Very precise measurements in nuclei can offer demanding tests of the Standard Model of particle physics. In particular, “superallowed” nuclear beta-decay between 0+ analogue states is a sensitive probe of the vector part of the weak interaction, and the measured strength (i.e. ft-value) of each such transition yields a direct measure of the vector coupling constant, GV. To date, the ft-values for fourteen 0+ → 0+ transitions have been measured with ~0.1% precision or better, and these results yield fully consistent values for GV, thus confirming the conservation of the vector current to a part in ten thousand.
The resultant GV in turn yields an experimental value for Vud, the leading diagonal element of the quark mixing matrix, the Cabibbo-Kobayashi-Maskawa (CKM) matrix. Not only is this the most precise determination of Vud, it is the most precise result for any element in the CKM matrix. The CKM matrix is a central pillar of the Standard Model and, although the model does not predict values for the matrix elements, it demands that the matrix itself be unitary. The experimental value for Vud obtained from superallowed beta-decay leads to the most demanding test available of CKM unitarity, a test which it passes with flying colors: the unitarity sum of the top-row elements as determined from experiment is 0.9999 ± 0.0005.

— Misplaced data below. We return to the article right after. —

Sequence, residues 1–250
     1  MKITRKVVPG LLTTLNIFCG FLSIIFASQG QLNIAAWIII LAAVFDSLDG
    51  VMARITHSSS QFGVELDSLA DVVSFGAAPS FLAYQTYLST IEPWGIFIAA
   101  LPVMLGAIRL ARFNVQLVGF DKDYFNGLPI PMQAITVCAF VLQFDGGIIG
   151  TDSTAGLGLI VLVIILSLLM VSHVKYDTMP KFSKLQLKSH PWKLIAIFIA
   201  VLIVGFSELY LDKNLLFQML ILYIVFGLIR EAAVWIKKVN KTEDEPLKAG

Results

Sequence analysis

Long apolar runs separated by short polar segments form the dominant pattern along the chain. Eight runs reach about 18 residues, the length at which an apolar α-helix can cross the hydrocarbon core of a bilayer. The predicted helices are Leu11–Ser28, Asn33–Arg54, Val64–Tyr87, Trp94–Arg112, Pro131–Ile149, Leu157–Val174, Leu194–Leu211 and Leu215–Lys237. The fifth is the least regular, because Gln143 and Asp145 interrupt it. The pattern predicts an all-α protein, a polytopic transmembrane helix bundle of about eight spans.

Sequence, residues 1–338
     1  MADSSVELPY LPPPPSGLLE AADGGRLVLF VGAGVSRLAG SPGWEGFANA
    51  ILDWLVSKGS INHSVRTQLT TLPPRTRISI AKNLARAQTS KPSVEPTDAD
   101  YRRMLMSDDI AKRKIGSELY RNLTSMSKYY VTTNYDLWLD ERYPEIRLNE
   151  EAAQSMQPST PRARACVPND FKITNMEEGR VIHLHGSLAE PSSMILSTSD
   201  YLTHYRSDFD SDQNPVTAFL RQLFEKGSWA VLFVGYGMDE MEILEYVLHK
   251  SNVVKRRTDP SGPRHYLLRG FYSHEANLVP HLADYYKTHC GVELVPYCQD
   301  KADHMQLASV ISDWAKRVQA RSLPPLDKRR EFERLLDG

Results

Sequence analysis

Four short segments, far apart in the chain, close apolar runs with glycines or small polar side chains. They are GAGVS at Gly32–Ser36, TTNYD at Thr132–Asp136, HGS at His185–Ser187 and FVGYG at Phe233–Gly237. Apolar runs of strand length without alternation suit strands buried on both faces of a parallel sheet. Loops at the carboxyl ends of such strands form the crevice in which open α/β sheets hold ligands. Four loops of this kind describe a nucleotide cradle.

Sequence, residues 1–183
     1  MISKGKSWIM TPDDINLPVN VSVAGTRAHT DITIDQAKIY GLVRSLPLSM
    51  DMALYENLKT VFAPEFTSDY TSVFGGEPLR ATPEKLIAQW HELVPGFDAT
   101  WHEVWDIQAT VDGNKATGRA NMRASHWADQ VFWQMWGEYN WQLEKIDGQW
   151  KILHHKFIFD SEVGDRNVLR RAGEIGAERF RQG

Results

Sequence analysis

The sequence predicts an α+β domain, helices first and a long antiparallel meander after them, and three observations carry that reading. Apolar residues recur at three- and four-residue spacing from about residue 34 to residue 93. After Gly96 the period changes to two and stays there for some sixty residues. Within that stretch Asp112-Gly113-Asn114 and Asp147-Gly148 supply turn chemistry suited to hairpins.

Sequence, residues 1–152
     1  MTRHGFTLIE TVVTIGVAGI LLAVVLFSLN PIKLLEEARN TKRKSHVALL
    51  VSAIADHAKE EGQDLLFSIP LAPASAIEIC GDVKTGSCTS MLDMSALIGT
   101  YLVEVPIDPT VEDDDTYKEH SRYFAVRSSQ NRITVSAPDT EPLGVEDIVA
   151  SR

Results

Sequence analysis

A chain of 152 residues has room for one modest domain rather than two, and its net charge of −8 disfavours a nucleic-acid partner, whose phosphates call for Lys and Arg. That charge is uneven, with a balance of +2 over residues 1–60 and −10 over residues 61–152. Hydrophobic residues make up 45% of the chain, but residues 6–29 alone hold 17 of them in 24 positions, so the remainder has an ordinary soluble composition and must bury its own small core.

The determination of a transition’s ft-value requires the measurement of three quantities: its Q-value, branching ratio and parent half-life. To achieve the 0.1% precision obtained for the superallowed transitions, each of these quantities had to be measured to substantially better precision, a challenging standard which has led to special techniques being developed. I will describe some current experiments in the field, and overview the up-to-date results from a new 2014 survey of world data.
Argonne Physics Division Seminar Schedule